Westside residents gathered to protest the health risks of living near the Santa Monica Airport (SMO) on Sunday, April 18. Planes flew overhead the 12100 block of Sardis Avenue while speakers and residents proclaimed that air pollution and noise have reached intolerable levels.
Marking the 40th Anniversary of Earth Day, protesters demanded the elimination of jet planes and the eventual closure of SMO. About sixty residents from Santa Monica, Mar Vista, Venice, and West L.A. applauded speakers and elected officials in the North Westdale neighborhood. Many people touted protest signs and gas or hospital masks to highlight the increased air pollution.
The University of California Los Angeles released a study last year in which real time air pollutant concentrations were measured downwind of Santa Monica Airport. The study confirms that elevated exposure to the particles can present health risks to children and the elderly by penetrating deep into tissue and travel to the brain.
The study shows that ultrafine particle emissions were 10 times higher than normal about 300 feet downwind of the runway, where takeoffs generally start. Many homes and businesses are located less than 300 feet from the runway. During the two-hour rally almost a dozen planes flew overhead causing the speakers to pause and protesters to wave signs towards the interruption.
Los Angeles City Councilmembers Bill Rosendahl and Paul Koretz spoke fervently about health hazards and government responsibility. The council members called for the city of Santa Monica to reevaluate the impact on the area and respect the laws set in place to protect citizens. Rosendahl, who represents District 11 including Pacific Palisades, Mar Vista, and Venice, compared the airport to a “motorcycle in a kid’s playground.”
“Ninety years ago the leaders at the time built this airport,” Rosendahl said. “We were bean fields and orange groves. We are no longer that. We are the most dense urban seaside community in the United States of America and it’s time that the airport shut down.”
This is not the first time Rosendahl appealed to constituents with the desire to close SMO, nor did he forget to mention planes have been routed to avoid flying over Santa Monica. District five Councilmember Koretz said he was “amazed” by the terrible smell of plane exhaust. No Santa Monica officials were present at the rally.
Martin Rubin, who organized the rally, is the director of the activist group Concerned Residents Against Air Pollution (CRAAP). Rubin, with wife Joan, want the City to authorize studies concerning environmental pollution, noise, and health safety. He said pollution has increased 18-fold if multiplied by the number of jet operations.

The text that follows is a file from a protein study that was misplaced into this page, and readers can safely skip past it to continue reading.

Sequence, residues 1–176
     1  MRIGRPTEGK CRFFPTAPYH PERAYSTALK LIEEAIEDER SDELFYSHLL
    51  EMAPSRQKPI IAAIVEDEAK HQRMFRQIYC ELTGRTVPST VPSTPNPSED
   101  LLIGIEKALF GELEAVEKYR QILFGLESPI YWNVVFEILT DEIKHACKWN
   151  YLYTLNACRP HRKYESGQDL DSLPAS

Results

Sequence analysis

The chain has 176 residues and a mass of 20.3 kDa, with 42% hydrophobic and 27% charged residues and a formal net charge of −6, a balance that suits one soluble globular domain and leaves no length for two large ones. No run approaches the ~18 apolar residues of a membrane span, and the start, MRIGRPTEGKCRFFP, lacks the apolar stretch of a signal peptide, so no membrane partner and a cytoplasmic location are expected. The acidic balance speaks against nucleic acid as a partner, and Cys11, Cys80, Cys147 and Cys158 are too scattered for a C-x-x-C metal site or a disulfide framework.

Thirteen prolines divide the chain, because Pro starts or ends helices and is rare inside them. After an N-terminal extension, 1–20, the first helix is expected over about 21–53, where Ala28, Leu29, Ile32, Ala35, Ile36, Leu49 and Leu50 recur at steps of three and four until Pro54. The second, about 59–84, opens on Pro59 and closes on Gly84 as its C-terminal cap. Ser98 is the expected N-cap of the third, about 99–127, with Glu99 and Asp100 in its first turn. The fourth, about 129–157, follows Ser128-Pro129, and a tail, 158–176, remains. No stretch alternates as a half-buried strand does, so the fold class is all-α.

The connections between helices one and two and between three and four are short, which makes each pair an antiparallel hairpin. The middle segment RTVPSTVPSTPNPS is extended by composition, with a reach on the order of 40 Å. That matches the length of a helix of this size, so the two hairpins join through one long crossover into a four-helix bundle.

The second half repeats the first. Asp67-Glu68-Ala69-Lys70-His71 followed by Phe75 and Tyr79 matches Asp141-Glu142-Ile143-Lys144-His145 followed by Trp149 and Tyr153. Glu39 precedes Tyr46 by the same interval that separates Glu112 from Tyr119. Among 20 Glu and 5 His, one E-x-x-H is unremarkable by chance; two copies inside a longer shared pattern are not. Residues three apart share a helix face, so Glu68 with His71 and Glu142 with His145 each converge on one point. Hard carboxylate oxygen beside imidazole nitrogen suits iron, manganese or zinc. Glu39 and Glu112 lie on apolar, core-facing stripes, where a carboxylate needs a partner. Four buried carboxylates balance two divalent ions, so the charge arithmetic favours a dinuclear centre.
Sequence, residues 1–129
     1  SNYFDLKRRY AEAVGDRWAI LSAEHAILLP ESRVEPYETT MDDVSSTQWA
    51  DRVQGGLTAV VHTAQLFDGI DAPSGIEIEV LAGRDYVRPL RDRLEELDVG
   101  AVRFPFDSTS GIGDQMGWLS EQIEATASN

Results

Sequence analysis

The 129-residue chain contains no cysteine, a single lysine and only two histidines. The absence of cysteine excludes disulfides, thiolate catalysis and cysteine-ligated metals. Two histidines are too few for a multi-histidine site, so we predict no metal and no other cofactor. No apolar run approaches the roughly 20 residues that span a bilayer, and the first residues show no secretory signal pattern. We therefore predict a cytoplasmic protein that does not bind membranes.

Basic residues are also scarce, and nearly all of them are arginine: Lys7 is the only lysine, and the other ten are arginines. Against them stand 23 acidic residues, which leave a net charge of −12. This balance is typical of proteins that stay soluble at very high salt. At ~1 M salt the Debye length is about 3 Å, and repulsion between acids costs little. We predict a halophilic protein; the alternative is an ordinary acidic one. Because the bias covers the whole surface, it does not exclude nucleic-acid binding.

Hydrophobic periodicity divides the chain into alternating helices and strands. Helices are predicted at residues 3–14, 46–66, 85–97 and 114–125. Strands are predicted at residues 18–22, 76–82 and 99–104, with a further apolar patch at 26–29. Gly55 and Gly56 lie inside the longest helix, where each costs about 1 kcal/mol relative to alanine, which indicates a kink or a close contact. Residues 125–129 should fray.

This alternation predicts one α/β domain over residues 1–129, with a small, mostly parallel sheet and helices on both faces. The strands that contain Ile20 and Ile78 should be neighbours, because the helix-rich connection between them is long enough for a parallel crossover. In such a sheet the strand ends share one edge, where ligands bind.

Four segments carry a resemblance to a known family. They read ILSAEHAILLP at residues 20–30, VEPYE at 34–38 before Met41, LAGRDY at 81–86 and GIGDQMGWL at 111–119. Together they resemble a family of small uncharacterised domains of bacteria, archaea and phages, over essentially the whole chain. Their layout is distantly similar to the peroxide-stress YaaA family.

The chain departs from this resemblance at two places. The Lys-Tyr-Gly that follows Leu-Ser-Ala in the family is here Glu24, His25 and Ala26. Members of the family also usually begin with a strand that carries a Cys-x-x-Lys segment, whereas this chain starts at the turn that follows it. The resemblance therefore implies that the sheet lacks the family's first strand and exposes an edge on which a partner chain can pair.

“It’s not [just] an airport here, these are homes,” Rubin said. “These are homes where people have lived for years raising their families. New generations move-in, children are being raised.”
There are no city laws establishing distance between residents and the runway, “they could back it up against your door,” Rubin said. Houses should have a minimum buffer of at least 660 meters, he said, according to local studies. Rubin called for the City to pay for a “comprehensive health risk assessment” to be performed by an unbiased, third party group, such as the Environmental Protection Agency.
Santa Monica’s recent attempt to ban category C and D type aircrafts due to the inability to meet “noise levels” is being challenged. The Federal Aviation Association and other interested parties are fighting the ban claiming it discriminates unfairly against the aircrafts. Rubin said he supports the ban, but it needs to go further as it will only limit about half of the jet planes that frequent SMO.
“They brought them there without any precaution or investigation as to what the effect would be on the downwind communities and that’s just wrong,” Rubin said of the jet planes in a phone interview. “Obviously it’s just for the comfort and convenience for the wealthy to have this as a convenient landing airport.”
At the rally Rubin heaped blame on the city, as well as the plane owners and jetsetters who use the airport daily. Many high-profile people use the airport, including Governor Arnold Schwarzenegger who commutes into SMO three to four times a week to visit family.
Ray Pearce, a resident since the ‘50s on Sardis Avenue, spent $10,000 installing double paned windows in his home to “keep out the noise.” Pearce originally spent only $8,500 to purchase the house. He reminisced about the corn and bean fields that once covered the now-dense residential area just east of Bundy Drive.
State Assemblyman Ted Lieu condemned the FAA for not acting when reports have shown the pollution is a detriment to area residents. He said the role of the FAA is not to help corporate America, but protect residents.
“Shame on those who are using this airport without caring that they are killing people,” Lieu said to the crowd. “Shame on those elected officials, those corporate CEOs, those that take advantage of the residents here because the FAA allows it.”
Mirror Staff Writer[email protected]